In order to work as a firearms repair specialist, sometimes referred to as a gunsmith, training is imperative. Colleges offer basic to advanced training in firearms repair, including certificate, diploma, and associate degree programs. Some programs are available online for student convenience.
Manufacturers and industry professionals also sponsor on-the-job training through apprenticeship programs. Individuals interested in working as firearm repair specialists should have dexterity, good hand-to-eye coordination and basic math skills. Because there is such an array of gun types and manufacturers, firearms specialists may focus on fixing particular guns or brands.
Certificate in Gunsmithing
Certificate programs offer a foundation in firearms knowledge, safety and repair. Specialty certificate programs may be available in exterior refinishing, instrumentation technology or gunsmith design. Some course topics might include:
- Firearm fundamentals
- Gunsmithing tools and their uses
- Intro to gunsmithing
- Types of firearms
- Firearms identification
Diploma in Gunsmithing
At the diploma level, students gain more advanced knowledge of firearms repair and develop general business acumen. They learn to adjust triggers, stocks and barrels and gain skills for developing their own ammunition. Students also study metalworking and engraving. Additionally, they learn about firearms regulations. Students can expect to take other courses in topics such as:
- Practical exercise
- Gun stocks
- Metal finishing
Associate of Applied Science in Gunsmithing
A gunsmith program is similar to a diploma program; however, students also take a liberal arts core. In major classes students learn to interpret technical specifications and may take a few more complex lectures and labs in firearms repair and modifications. They also often take classes in technical math and metallurgy. Other common courses include:
- Welding for gunsmiths
- Intro to firearms
- Firearms metal finishing
- Machine shop
- Basic workplace skills
- Orientation and firearms safety
Employment Options and Salary Information
The U.S. Bureau of Labor Statistics doesn't have any employment stats on gunsmiths, but it does have information regarding metal and plastic workers. The employment for plastic and metal machine workers is expected to decline 13% from 2014 to 2024, according to the BLS. Metal and plastic workers make a median annual wage of $34,080 as of May 2015.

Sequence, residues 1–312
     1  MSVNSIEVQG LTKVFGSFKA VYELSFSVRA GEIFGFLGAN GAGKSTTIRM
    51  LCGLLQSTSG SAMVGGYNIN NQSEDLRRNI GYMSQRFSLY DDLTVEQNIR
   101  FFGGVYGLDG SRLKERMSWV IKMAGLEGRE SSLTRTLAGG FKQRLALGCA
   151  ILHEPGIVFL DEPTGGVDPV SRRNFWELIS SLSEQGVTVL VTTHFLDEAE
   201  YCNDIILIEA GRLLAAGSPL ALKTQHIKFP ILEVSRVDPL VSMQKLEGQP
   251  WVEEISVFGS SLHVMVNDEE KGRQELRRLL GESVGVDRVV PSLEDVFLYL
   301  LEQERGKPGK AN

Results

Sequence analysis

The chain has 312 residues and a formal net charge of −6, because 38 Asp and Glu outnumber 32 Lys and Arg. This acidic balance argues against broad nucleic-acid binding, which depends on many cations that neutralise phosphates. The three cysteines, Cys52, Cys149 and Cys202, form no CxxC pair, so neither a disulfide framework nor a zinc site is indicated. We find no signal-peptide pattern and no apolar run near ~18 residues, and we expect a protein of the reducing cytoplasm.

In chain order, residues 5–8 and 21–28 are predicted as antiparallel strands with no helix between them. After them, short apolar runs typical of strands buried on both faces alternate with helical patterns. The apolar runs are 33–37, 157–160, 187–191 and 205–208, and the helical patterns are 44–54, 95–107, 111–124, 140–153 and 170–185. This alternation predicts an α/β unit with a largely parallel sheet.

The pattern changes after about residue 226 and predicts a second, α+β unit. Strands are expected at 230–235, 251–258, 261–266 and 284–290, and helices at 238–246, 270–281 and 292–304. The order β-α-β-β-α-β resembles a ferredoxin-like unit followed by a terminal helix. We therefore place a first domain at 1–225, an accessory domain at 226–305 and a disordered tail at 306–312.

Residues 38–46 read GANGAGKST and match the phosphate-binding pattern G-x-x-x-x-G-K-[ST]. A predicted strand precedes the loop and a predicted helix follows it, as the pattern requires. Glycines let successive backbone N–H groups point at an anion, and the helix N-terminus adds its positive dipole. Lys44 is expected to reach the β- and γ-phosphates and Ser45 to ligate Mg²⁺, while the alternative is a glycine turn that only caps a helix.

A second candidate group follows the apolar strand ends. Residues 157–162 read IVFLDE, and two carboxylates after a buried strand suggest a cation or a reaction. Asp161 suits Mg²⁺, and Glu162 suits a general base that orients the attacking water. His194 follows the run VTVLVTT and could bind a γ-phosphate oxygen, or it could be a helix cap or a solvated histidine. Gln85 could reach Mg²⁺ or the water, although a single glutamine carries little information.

Continuing Education Information
In order to repair firearms, trained specialists must apply to the U.S. Bureau of Alcohol, Tobacco, Firearms and Explosives (www.atf.gov) for a mandatory Federal Firearms License from the ATF. Interested firearm repairers must send in an application and required fee in addition to recent photographs and fingerprints. The ATF runs a background check and sends a field representative to conduct a personal interview with the applicant. After approval, licenses take approximately two months to be received.
To gain more knowledge about the trade, firearm repair organizations and colleges often sponsor training workshops, which can last 3-9 days. During this time, participants usually view instructional demonstrations and gain hands-on training. Topics can include business techniques for sole proprietors and shop owners or firearms assembly and fine-tuning strategies.
Firearm repair specialists can also search the Internet for related message boards, blogs or instructional videos. Additionally, gunsmith books and magazines often provide helpful tips or explore trends and topics in firearms.
To get firearms repair training, there are many options prospective students can choose from, ranging from a diploma to associate's degree; however, students should be cautioned that job prospects for a related field are declining by 13% through 2024. Furthermore, students will need to obtain a Federal Firearms License from the ATF.